Informal testing finds Apple Maps arrival times are 'intentionally conservative' to provide a good user experience
A months-long, quasi-scientific test of the three leading car navigation apps — Apple Maps, Google Maps, and Waze — found that Apple's software regularly overestimates trip times, which may help drivers arrive on time or even early.
Relative to Google Maps, Apple's estimated trip times were typically 8 percent longer, according to Artur Grabowski, a senior manager at Adobe who said he spent "the majority" of 2017 collecting data on the three apps. On the other end, however, real arrival times with Apple Maps were on average 1 percent faster than the software predicted.
"In other words, Apple sandbags its estimates so that users on average arrive at the predicted time or slightly sooner," Grabowski commented. He argued that the company is being "intentionally conservative" in order to provide a good user experience.
Apple's error-adjusted estimated trip times were on average 5 percent higher than Google Maps, though Google's own Waze had a 6 percent gap.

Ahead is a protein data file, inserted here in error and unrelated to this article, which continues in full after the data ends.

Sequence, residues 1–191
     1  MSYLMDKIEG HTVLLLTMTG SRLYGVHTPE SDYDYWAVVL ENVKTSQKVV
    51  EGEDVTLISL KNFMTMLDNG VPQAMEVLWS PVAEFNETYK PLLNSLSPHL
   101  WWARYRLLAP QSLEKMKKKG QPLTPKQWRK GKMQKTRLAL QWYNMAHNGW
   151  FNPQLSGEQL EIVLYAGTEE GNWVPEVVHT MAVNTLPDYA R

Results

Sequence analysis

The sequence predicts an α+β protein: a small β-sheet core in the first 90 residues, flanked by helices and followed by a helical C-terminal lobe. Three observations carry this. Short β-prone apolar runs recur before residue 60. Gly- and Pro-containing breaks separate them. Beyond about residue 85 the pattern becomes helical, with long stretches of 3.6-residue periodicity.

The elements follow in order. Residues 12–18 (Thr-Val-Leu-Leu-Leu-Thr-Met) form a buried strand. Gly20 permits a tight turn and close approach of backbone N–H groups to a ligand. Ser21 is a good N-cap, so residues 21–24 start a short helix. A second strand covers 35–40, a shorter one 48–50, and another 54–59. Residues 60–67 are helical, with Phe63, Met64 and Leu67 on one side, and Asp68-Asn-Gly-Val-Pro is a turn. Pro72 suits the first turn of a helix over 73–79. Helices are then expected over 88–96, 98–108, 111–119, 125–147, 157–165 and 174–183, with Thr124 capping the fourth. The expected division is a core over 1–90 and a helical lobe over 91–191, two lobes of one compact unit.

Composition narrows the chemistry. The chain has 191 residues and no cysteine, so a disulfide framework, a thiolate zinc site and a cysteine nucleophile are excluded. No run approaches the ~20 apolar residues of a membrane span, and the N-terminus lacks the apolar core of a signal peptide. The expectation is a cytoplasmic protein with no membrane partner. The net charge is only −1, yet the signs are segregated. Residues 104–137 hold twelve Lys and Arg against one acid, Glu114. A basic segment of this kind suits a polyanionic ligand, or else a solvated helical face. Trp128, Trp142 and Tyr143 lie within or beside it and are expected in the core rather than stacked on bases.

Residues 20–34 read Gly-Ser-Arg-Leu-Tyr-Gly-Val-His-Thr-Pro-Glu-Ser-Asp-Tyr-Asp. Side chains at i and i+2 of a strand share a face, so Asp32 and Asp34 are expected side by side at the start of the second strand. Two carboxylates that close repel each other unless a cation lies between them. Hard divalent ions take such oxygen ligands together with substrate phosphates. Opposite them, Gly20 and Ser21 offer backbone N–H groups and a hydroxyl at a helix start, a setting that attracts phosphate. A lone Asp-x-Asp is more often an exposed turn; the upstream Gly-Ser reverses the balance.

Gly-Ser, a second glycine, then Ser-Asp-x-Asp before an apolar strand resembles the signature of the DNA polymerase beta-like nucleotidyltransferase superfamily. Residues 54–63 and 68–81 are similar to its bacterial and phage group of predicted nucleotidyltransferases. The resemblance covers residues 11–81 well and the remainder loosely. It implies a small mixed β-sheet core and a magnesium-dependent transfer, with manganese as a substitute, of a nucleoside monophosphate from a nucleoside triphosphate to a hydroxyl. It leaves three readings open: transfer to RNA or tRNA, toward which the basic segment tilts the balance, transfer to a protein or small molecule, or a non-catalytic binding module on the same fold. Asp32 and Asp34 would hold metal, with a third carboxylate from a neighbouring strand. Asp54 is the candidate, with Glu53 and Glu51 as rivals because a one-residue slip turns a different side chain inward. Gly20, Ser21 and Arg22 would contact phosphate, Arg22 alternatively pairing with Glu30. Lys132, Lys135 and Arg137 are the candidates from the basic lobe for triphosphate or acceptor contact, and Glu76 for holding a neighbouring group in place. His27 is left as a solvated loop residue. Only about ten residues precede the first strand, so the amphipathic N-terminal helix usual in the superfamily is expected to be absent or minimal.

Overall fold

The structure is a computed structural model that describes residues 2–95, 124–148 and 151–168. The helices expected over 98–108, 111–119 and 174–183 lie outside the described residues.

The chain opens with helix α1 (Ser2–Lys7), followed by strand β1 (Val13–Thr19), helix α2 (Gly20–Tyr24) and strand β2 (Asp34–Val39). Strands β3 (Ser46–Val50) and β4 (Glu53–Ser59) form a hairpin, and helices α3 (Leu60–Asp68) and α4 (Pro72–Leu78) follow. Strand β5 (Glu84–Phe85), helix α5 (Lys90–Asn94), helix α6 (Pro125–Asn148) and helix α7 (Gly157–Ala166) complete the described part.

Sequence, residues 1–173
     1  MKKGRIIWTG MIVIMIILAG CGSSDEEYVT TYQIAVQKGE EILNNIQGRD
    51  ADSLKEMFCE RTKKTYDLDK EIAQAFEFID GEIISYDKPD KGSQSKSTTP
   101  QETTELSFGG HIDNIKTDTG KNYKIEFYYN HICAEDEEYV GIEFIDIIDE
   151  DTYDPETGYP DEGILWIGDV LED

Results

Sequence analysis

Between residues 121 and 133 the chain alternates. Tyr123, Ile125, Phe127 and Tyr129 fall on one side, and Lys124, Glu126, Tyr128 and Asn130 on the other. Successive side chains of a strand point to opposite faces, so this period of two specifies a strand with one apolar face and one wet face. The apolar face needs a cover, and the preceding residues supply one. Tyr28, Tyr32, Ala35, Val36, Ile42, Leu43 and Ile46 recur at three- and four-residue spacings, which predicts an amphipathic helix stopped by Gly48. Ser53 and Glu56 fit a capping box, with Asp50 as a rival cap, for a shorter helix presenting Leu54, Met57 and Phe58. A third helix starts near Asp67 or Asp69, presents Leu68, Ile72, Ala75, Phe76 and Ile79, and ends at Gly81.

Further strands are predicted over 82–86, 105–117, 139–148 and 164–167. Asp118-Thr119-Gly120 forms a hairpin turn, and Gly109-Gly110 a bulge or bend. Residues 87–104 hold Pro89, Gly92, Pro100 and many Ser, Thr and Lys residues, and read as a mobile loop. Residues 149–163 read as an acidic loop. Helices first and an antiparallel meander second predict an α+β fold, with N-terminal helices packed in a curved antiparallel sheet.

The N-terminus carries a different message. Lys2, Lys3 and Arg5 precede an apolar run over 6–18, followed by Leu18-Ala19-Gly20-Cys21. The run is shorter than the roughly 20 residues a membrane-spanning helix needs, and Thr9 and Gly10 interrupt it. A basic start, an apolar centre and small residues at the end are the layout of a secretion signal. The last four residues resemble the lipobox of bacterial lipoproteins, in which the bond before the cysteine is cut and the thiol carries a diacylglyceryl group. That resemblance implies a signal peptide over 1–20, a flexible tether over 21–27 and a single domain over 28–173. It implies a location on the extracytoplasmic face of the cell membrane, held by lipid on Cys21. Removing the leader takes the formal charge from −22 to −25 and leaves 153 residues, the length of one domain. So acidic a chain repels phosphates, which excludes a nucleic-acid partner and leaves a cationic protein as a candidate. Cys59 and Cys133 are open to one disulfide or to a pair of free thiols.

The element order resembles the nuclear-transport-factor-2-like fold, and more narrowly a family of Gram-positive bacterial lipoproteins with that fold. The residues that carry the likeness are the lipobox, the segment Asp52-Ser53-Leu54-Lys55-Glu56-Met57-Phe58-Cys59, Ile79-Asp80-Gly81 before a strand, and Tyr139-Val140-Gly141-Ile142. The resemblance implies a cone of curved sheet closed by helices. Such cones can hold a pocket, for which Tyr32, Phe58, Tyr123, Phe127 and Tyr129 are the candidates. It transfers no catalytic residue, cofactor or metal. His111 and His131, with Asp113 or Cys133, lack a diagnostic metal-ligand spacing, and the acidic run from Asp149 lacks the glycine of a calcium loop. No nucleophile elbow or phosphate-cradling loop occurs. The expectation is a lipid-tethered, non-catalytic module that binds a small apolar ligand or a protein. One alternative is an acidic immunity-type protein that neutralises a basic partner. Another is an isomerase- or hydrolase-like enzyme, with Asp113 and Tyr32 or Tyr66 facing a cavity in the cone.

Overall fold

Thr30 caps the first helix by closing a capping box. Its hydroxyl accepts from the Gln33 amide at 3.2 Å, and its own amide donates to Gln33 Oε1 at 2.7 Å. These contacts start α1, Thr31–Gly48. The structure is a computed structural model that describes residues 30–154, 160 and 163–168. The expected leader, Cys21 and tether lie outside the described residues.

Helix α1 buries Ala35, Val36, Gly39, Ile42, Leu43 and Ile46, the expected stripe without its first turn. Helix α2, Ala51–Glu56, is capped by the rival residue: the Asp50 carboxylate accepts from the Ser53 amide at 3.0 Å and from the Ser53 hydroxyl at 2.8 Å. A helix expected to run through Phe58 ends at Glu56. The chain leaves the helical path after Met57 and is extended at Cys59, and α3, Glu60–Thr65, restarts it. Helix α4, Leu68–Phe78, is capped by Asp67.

"If you want to get to your destination most quickly, use Google Maps," Grabowski concluded. "If you want an accurate prediction from your navigation app to help you arrive at your destination on time, use Apple Maps. If thinking you'll get to your destination quickly helps to ease your commuter anxiety, use Waze."
The executive admitted though that all of his testing was done in the San Francisco Bay Area, and that a third of the routes were for his city commute. He also acknolwedged that companies are constantly changing their routing algorithms, and that different driving behaviors could impact times.
Over five years since its introduction, Apple Maps largely remains in the shadows of Google Maps, which is the most-downloaded navigation app on the iOS App Store. Waze is number two.